Discussion, test results

cc: tesla-at-grendel.objinc-dot-com


Thanks for your recent responses.

 ES> Limited to about 10,000V I get 10A of primary current and    
 ES> about 20" discharges.  Since I'm now supplying about 150ma
 ES> of current to the coil primary circuit I would expect to get 
 ES> much better performance than I had with the two 12kv 30 ma   
 ES> neons.  Do you have any ideas?

You said: 

"My numbers come up about the same as yours. You are feeding the
primary of the pig about 160 volts -at- 10A = ~1.5 kVA actual into
the tank circuit. I would expect 3+ feet of discharge at this
power level. Thoughts: 

Is the rotary gap running too fast or two slow? Gap speed can
really alter the power processing performance of the system. 

The capacitor is not able to process all of this power across the
dielectric. This capacitor (.02 ufd) will only process about 75ma
across the dielectric. Increase the capacitor value, or increase
the voltage. (I know, I know, I have been there :-)

Input voltage is probably too low, and combined with the
inductive delay of the welder, the initial power up may not have
the voltage and current to get the gaps up and firing reliably.
Remember that it takes nearly a full second from the time the
gaps fire, to the time the current is able to pass though all of
the copper and various cores, to show up in the tank circuit
proper. The inductive delay plus low operating voltage is likely
part of the problem."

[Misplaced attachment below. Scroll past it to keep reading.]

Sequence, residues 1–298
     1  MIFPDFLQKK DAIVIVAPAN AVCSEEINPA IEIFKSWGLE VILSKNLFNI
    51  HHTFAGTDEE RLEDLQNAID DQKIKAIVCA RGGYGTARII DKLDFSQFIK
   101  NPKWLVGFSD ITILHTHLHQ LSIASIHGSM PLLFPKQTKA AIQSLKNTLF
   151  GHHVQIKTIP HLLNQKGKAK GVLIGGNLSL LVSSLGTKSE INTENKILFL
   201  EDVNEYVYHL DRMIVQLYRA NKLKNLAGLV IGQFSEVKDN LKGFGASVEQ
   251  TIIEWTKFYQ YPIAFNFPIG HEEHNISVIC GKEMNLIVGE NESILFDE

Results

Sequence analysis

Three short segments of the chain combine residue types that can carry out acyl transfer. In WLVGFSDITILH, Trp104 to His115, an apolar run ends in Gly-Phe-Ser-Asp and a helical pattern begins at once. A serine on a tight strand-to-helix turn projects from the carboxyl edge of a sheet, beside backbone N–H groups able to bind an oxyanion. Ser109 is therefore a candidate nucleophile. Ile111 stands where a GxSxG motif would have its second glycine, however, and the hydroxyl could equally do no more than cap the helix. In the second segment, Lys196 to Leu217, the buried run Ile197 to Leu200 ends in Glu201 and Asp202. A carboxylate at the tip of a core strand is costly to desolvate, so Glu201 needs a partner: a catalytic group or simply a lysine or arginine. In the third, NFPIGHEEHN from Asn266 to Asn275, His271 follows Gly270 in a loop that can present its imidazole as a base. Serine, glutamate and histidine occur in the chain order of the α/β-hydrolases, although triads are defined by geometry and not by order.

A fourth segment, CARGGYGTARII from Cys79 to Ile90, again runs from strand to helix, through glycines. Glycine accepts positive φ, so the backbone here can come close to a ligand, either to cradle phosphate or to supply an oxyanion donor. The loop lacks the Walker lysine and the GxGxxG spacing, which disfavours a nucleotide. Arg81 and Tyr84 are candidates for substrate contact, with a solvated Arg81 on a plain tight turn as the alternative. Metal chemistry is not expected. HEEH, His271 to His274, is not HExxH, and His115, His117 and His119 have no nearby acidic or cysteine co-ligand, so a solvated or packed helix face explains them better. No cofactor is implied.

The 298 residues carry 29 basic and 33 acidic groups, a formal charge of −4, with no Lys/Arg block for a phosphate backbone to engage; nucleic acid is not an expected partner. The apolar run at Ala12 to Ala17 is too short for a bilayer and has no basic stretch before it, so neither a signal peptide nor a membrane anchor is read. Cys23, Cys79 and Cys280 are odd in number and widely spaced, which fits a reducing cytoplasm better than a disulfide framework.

In this recent test, I did not have the welder in the circuit.  Only 7,000W
of resistive load.  I still do not know why the 2 12kv 30ma neons perform
better.  I only get 10A of primary current.  Do I need to get another 5,000
or 10,000 watts of resistive load and use it all in parallel?  I will have
oven elements all over the basement.  How about trying the pig with no
ballast?  Will this rip my electrodes off?  If I'm ever going to input 5kva,
I need to get the primary current up to 20 or 30 amps.

Still no word on my commercial capacitor.

When I said I get occasional pops from the rotary, it is accompanied by
flashes - like it must be a discharge of some sort.  I don't see any
construction problem with the rotary that would be causing this.  What
exactly is a kickback in the gap?  What causes it and how do I prevent it?

BTW, My friends son that is doing a research paper on ball lightning is
coming over tomorrow night with an experiment to see if we can make some.
 This kid is sharp - he aced the math portion of his SATs.

Thanks,  Ed Sonderman